It’s time for me to step forward and make my confession. I’m not a huge fan of intention, affirmations, and such. I do use them—don’t get me wrong. They’re fast, simple and effective and sometimes that’s what I need. But to me, intention can too often be about control, and control is about ego, and one of my spiritual goals is to try to expand beyond ego.
Certainly intention has its place. As in most things, there is a spectrum that ranges from vague, unfocused and nebulous, through highly defined and controlled, out to pure Unity where we are in total alignment with Divine Truth. An intention is a great way to crawl out of the ocean of the undifferentiated and bring focus to what we’re doing. And when we are at the point of just developing our meditative focus, then setting and using intentions is a great tool for bringing our mind to bear on a single thought.
Someone recently commented on a Reiki website that energy follows the mind. The point was that if our mind is otherwise engaged or distracted, the energy will follow these distracted thoughts, which might be on a television show or what to get at Starbucks after we’re done with our session. In fact, as this person pointed out, the meaning of the first Reiki symbol is Focus, reminding us that focusing the mind is an important first step in our spiritual development.
However, in my experience it’s not so much that energy follows the mind and its intentions, but that energy follows our attention. For instance, I don’t intend for the Reiki energy to flow and it begins to flow; I know the Reiki energy is always present and always flowing and I simply turn my attention to it.
I think the idea of attention asks us to reconsider what the mind is—to me our attention or awareness is part of the mind, but not the part of our mind that is always thinking; it’s the part that can be aware that we are thinking—I’ve heard it called the Observer. I think Reiki is more likely to follow the big Mind; and the little mind is more likely to impede its flow.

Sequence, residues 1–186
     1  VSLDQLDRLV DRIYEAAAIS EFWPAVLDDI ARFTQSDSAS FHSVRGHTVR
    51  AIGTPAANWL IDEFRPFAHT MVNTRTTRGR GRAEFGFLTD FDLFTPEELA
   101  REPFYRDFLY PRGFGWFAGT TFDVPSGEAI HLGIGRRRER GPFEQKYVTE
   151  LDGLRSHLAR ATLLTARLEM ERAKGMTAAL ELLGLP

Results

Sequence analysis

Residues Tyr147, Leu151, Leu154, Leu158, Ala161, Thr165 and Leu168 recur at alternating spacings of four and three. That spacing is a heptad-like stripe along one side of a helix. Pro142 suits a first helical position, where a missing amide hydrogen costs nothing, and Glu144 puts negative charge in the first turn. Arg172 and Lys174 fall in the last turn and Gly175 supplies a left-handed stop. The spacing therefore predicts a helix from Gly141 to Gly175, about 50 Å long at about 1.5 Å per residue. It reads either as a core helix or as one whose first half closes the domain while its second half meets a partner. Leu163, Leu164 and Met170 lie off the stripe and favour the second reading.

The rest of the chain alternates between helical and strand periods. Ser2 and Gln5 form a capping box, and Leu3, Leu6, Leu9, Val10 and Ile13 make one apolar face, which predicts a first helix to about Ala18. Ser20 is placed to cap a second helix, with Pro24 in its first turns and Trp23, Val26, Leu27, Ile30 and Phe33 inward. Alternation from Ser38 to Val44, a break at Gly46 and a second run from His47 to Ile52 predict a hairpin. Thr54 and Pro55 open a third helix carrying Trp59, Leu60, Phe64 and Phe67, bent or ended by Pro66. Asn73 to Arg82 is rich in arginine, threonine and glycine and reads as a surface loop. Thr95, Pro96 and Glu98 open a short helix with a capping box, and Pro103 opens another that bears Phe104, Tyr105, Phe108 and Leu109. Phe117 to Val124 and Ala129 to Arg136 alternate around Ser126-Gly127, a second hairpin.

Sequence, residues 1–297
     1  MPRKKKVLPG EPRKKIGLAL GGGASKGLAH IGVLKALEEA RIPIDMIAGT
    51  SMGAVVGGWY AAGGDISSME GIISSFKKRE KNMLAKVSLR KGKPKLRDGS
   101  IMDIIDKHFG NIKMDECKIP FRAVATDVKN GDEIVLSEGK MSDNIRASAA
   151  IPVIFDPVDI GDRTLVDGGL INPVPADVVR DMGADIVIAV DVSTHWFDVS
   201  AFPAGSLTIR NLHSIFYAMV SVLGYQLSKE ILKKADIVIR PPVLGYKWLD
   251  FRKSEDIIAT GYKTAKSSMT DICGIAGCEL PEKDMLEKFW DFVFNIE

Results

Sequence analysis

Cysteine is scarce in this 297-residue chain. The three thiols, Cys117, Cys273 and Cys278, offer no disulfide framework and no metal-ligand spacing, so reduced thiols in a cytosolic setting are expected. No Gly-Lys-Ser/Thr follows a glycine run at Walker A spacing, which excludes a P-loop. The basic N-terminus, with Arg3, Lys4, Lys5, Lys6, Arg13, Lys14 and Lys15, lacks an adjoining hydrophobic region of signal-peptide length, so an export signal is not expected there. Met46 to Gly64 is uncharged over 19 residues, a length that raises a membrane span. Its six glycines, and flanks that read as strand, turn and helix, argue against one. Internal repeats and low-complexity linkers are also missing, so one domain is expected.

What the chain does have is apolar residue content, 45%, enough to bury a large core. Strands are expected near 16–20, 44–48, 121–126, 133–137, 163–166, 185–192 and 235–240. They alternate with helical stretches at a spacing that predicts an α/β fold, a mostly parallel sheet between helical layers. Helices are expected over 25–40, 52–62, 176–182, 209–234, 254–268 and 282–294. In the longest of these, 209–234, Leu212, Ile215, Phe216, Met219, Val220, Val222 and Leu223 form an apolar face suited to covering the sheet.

The first symbol is certainly about focus, but it’s also about earth energy and grounding our spiritual practice into the unfocused world of reality. It’s about bringing our attention into our body, and shifting our focus to the physical body can, with practice, still the mind. Also, by being physically present in the body, distractions, either generalized hubbub or those that are unintended and unpredictable, have less effect on us, allowing us to work even when conditions are not optimal.
Bringing the energy into the body might sound counter-intuitive for some—Reiki is spiritual energy, it seems like it should come from above us. And certainly many people experience it just that way. However, according to Japanese philosophy, our connection to the Source begins in our body, at the hara, or belly. The hara is the place of our connection with our parents, and extending beyond that to our ancestral energy, which by extension includes our connection to the Source of Life. It is our original energy that we were born with and cannot change; some define it as our personal perfection. By finding our connection to Source within us, it is much easier to see that we are one with Source.
I think Reiki works best when the mind is still, when we release our intentions and experience our connection.
Joy Vernon is a Reiki Practitioner and Teacher in Denver, Colorado. She is trained in two styles of Traditional Japanese Reiki: Usui Reiki Ryôhô and Komyo Reiki, as well as the Western-influenced Usui Tibetan tradition of Reiki. Joy is also a Certified Professional Tarot Reader. To schedule an appointment or for information on upcoming classes, please visit JoyVernon.com.
© 2012 by Joy Vernon. All rights reserved.